Headline: We now have phase 3 data comparing stereotactic body radiation (SBRT) to hypofractionated radiation (HFRT) for stage I non-small cell lung cancer (NSCLC).

The Study: In the phase 3 LUSTRE trial, patients were randomized to receive SBRT (48Gy/4 for peripheral tumors and 60Gy/8 for central tumors) or hypofractionated RT (60Gy/15). Just over a quarter of patients (27%) had central tumors. The study was designed to detect an improvement in local control at 3 years of 75 → 87.5% with SBRT. Fewer than planned patients were enrolled (233 of a planned 324) as the trial was closed early due to slow accrual. In addition, HFRT performed better than anticipated. At 3 years, local control was numerically higher with SBRT compared to HFRT (87.6% v 81.2%), but the difference wasn’t statistically significant (HR 0.61, p=0.15). There was also no difference in disease-free or overall survival There was no acute grade 4 or 5 toxicity, and only 1 grade 3 toxicity event in each arm. Late toxicity was similar between arms and predominantly seen among those with central tumors. While the results of LUSTRE don’t really question the role of SBRT in treating stage I NSCLC, it does show the spectrum of local control outcomes with different fractionation regimens. The CHISEL trial showed that local control is better with SBRT than conventional fractionation (89% v 65%). As one might expect with a higher BED, local control with 60 Gy/15 performed better than would be expected with conventional fractionation alone. In addition, 5-fraction SBRT was very safe with toxicity that was comparable to the more fractionated regimen.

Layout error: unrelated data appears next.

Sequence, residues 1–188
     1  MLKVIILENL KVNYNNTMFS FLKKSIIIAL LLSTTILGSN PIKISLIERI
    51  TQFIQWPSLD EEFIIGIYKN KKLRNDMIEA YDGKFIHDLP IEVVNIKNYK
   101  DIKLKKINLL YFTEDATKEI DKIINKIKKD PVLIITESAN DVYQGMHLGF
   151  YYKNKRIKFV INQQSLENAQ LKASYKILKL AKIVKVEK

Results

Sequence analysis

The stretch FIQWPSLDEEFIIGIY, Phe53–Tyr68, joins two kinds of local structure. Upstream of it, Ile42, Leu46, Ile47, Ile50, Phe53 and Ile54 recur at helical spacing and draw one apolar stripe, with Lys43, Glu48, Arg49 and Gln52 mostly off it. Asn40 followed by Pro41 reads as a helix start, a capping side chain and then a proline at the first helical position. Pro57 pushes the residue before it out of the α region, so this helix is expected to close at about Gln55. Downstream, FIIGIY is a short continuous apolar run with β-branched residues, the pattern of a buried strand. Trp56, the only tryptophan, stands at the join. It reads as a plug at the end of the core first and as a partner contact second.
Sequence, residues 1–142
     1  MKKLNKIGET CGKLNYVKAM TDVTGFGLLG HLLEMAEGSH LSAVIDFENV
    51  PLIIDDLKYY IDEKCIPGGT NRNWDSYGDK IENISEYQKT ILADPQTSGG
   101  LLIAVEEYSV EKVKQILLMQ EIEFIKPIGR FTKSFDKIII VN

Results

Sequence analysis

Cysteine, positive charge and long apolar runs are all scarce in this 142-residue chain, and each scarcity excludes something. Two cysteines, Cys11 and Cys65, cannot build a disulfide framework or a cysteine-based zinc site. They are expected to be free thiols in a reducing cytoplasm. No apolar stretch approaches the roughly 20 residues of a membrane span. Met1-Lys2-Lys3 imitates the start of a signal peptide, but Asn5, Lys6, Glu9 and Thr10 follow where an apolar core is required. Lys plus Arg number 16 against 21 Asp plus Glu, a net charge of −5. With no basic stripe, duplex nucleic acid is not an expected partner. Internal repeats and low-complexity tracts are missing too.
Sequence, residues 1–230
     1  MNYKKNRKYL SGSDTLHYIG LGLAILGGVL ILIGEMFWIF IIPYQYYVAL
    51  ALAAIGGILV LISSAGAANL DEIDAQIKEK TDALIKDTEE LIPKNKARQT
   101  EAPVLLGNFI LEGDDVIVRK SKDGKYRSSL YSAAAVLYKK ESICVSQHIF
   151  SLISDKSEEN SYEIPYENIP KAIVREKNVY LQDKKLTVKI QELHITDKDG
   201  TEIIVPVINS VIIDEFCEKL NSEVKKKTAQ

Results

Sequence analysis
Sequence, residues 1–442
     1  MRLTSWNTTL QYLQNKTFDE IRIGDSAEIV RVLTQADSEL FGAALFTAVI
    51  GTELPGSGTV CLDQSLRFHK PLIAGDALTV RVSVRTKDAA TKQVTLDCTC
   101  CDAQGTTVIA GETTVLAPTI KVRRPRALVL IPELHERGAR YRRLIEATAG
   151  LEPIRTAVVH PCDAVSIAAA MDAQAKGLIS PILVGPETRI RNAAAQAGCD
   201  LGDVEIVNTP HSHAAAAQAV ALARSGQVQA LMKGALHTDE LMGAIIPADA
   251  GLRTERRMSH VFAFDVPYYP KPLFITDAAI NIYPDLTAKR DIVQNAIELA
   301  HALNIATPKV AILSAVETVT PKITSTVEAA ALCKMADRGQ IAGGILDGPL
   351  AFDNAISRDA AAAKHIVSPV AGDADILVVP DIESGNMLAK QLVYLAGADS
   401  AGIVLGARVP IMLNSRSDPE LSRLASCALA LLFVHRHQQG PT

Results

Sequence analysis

TBL: In the underpowered LUSTRE trial, local control was numerically better with SBRT with no difference in toxicity compared to HFRT. | Swaminath, ASTRO 2022


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